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February 23, 2016

CUSP Supports Alaska Senate Bill 21 For Sex Worker Rights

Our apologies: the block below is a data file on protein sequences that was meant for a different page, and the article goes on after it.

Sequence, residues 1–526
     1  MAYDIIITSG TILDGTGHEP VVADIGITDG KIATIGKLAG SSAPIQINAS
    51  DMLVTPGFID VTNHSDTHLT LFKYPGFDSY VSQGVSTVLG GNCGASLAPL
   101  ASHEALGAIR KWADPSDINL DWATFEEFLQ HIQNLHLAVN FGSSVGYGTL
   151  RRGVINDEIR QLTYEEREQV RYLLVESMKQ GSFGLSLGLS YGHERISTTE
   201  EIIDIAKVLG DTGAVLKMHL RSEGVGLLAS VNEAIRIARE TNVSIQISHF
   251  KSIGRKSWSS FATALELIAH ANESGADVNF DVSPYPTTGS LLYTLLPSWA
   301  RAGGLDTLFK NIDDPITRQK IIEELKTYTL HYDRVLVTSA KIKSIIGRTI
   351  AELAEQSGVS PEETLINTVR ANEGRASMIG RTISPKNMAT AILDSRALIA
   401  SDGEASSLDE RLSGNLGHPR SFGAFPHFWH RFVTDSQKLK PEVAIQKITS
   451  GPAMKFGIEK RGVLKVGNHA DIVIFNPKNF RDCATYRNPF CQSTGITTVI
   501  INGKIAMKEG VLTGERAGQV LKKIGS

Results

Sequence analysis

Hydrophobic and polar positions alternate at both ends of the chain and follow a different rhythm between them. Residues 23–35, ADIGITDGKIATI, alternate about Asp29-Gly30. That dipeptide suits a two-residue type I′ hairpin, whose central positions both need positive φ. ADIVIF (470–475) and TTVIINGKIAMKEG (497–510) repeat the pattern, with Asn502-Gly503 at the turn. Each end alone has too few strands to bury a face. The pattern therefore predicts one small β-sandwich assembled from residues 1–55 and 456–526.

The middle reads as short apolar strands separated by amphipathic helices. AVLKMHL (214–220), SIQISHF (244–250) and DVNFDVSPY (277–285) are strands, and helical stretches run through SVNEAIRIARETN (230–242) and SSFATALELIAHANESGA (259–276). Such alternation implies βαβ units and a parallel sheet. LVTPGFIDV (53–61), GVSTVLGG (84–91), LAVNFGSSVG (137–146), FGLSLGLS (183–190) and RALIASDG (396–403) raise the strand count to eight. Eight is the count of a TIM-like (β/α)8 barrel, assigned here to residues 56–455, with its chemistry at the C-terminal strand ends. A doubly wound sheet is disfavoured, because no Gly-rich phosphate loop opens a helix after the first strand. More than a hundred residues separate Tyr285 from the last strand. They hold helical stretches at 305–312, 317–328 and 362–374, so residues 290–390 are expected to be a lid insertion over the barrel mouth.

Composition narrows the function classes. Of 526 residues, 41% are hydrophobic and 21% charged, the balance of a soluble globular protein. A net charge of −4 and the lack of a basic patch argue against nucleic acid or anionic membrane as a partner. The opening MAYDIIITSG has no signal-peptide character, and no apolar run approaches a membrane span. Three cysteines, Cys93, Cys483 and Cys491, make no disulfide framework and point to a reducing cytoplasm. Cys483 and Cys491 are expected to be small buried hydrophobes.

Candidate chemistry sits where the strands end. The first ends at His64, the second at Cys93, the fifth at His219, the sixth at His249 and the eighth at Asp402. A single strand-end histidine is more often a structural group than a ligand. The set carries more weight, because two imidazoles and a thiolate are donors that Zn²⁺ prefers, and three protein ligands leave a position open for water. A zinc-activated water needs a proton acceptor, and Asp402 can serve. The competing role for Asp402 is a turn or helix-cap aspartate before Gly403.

Alaska Senate Bill 21 introduced by Senate Minority Leader Berta Gardner D-Anchorage last year was updated on February 5, 2016 with language the sex trade of Alaska now supports. The new language would allow people in Alaska’s sex trades who are the victims of or witnesses to crimes like murder, sex trafficking, or assault, to make reports to the police without being charged with prostitution. SB 21 is an important step towards enfranchising members of the sex worker community into Alaska’s promise of equal protection under the law for everybody and improving public safety by addressing violent criminals who start out by preying on the sex worker population. The Community United for Safety and Protection (CUSP) urges everyone to lend their support to SB 21. The Community United for Safety and Protection (CUSP) is a group of current and former sex workers, sex trafficking victims, and allies working towards safety and protection for all people in Alaska’s sex trades. “Protection from prosecution for prostitution is an important element to the ongoing safety and rights of victims of crimes,” said the sister of an Alaskan sex worker. “This is an important bill that enhances the rights of victims to have honest and forthright relationships with law enforcement. It allows all citizens, no matter their access, to employment opportunities and protection from violent offenders, without fear of repercussion.” Currently when sex workers are the victims of violent crimes, they do their best to warn each other of the perpetrator. In a recent example in Fairbanks, a woman posted a Backpage ad warning fellow escorts of a man with a gun who had robbed her.  It is not consistent with Alaskan values to allow criminals to target our most vulnerable community members with impunity. CUSP is asking members of the Alaska Senate Judiciary to add a few crimes to the list that people in the sex trade could report without being prosecuted for prostitution: extortion, robbery, coercion, sexual assault of a minor, and child pornography. “Extortion is, in our experience, the most common felony committed against us,” said Terra Burns. “Crimes like sexual assault of a minor and child pornography, while not a part of our industry, are sometimes learned of by sex workers and it is important that we be able to report them to the police without facing charges ourselves.” SB 21 has yet to be scheduled for a hearing in the Senate Judiciary committee chaired by Sen. Lesil McGuire R-Anchorage. Learn more about this subject at sextraffickingalaska.com and click on "Listen to Us" to hear some of our stories.

 
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